Jeremy's SXSW Rating: 6.5 out of 10
Reader Feedback - 8 Comments
Cant wait to see it.
Patrick Foster on Mar 11, 2012
Same here. After I read the review I had to think a little bit about "Falling Down" but not so Hollywood-like.
filmtogo on Mar 12, 2012
Westboro Baptist Church spreads its hate through picketing in our streets, provoking attacks, with abusive language and flag desecration, attempting to create a confrontation. This is not a church, this is a hate group. This is not about protesting, freedom, or God. They are in it for the money and the press; this is a family law firm. They are not a "church." It is a scam. They go after anything that can get them in the news. This is a family of lawyers using this “god hates you” thing to make money. It is time for this scam and the hate to end. The church has received money from lawsuits and legal fees. For example, they sued the city of Topeka several times in the 1990s(this show has been going on for years). WBC received $16,500, and is pursuing another $100,000, in legal fees for a case won in court. The WBC is considered a nonprofit organization by the federal government, and is therefore exempt from paying taxes! Phelps-Roper of the Westboro Baptist Church is shown admitting on camera that her oldest son was born out of wedlock. Hypocritical Phelps-Roper's vocal condemnation on strangers having sexual congress outside of marriage while she herself was guilty of the same. They are NOT what they say they are!! THEY ARE NOT A CHURCH!!!
8811081 on Mar 12, 2012
This review doesn't make any sense.
dont on Mar 14, 2012
" . . . things aren't that bad. Or, at the very least, they're not bad enough not to tolerate." Um, excuse me but, yes, they are.
Jules on Mar 18, 2012
"God Bless America is a series of seeing the most disgusting people born to this world, people who want fame and celebrity without the time and effort that used to come before it." Yeah, because the worst people in the world are reality TV stars. The tragedy about a film like this is that actually gives merit to the idea that American culture (or lack of it) actually ranks on any kind of real scale of badness or evil. It's granting import to the ridiculously unimportant.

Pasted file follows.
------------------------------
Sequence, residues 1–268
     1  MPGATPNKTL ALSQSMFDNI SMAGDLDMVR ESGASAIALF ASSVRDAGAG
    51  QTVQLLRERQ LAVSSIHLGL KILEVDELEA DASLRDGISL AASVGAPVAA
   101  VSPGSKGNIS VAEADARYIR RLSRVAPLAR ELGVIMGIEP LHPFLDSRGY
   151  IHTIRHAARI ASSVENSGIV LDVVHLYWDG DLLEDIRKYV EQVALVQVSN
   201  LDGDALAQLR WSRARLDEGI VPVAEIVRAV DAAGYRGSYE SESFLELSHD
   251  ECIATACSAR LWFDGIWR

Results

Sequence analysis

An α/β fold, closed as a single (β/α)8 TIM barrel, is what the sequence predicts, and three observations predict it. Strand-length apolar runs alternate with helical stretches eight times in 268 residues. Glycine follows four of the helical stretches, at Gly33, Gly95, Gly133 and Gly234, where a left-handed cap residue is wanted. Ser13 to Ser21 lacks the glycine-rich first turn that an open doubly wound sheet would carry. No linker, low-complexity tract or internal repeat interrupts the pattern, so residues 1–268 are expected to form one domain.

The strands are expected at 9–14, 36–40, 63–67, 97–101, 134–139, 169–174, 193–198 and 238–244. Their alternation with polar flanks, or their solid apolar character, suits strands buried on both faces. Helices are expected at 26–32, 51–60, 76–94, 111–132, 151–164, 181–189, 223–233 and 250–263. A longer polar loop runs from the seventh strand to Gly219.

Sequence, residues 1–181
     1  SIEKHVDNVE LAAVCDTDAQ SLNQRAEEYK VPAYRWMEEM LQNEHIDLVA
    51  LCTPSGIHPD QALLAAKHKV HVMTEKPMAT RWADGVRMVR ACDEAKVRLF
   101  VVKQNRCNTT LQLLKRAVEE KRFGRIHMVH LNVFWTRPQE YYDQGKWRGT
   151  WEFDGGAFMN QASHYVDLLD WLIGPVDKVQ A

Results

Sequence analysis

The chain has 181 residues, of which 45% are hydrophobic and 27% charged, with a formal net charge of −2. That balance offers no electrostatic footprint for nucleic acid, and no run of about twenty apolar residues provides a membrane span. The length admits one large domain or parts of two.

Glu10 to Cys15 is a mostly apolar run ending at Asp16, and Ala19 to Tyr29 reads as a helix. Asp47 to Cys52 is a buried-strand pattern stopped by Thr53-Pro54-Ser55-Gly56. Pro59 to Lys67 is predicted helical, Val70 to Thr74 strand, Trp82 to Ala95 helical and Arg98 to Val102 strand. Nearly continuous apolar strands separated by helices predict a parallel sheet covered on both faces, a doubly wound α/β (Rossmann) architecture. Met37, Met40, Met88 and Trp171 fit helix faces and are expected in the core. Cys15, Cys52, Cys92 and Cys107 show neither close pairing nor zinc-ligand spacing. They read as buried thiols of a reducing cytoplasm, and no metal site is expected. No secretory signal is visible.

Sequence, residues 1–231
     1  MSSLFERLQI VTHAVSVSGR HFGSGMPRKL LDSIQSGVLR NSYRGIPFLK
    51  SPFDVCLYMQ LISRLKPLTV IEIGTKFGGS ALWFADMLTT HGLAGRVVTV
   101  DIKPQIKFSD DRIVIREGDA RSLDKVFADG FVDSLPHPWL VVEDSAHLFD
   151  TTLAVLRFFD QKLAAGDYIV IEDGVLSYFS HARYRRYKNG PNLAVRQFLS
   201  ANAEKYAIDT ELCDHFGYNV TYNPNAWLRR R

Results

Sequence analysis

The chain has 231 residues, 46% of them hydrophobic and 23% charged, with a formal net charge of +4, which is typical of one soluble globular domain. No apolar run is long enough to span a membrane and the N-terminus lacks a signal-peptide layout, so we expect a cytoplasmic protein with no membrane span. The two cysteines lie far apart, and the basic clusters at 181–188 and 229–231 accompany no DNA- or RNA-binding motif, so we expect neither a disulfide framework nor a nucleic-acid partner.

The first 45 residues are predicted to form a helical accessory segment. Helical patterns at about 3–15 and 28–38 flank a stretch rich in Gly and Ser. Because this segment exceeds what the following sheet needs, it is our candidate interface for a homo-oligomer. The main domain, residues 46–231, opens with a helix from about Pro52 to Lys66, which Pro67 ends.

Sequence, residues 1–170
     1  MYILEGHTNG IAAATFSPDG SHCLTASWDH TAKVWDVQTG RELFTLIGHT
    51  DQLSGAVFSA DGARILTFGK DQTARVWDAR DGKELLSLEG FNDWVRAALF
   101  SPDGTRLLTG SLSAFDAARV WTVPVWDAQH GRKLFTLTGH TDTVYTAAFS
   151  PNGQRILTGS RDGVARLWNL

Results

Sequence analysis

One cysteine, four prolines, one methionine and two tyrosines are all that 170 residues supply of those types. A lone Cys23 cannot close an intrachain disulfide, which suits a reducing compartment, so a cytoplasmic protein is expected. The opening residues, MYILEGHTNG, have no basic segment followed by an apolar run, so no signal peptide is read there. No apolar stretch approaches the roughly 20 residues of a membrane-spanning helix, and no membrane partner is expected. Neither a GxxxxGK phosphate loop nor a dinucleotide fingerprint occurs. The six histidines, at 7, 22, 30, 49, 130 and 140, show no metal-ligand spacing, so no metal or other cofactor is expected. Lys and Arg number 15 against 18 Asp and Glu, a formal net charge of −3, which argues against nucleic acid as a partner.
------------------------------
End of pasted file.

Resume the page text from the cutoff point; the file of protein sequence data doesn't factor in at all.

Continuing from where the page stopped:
Keith on Mar 23, 2012
I'll reserve my opinion until I see this movie, though the trailer seems catered to anyone with an appreciation for a culture outside the pro forma "pink slime" fed to the lowest common denominator. With shoot-em-up vengeance films a staple of American culture, and a hotly sought import in other gun-happy countries, there is room for a fantasy about a vigilante going after the people who exemplify the worst impulses of our growing culture of egoism. Go Bobcat Go!
Quink on Mar 27, 2012
Bobcat Goldthwait, who I thought was dead, has written and directed one of the best films you'll probably never see, GOD BLESS AMERICA. I found it on Charter cable's OnDemand movie listings under "Indies & Independents" yesterday afternoon. It's actually the story of my life. Really. I mean it. People who know me would think I was playing the lead character. He goes on a guiltless killing spree after getting fed up with America and it's continuously monotonous bullshit. Speaking of an American Idol-like show he'd flipped past while watching TV the previous night, he tells a co-worker, "It's the same type of freak show attraction that comes along every time an empire starts collapsing." Yeah, that's me. See this movie. Bobcat's writing is brilliant and sarcastic as hell and will put a big fat smile on your face.
Digitalhowie on May 1, 2012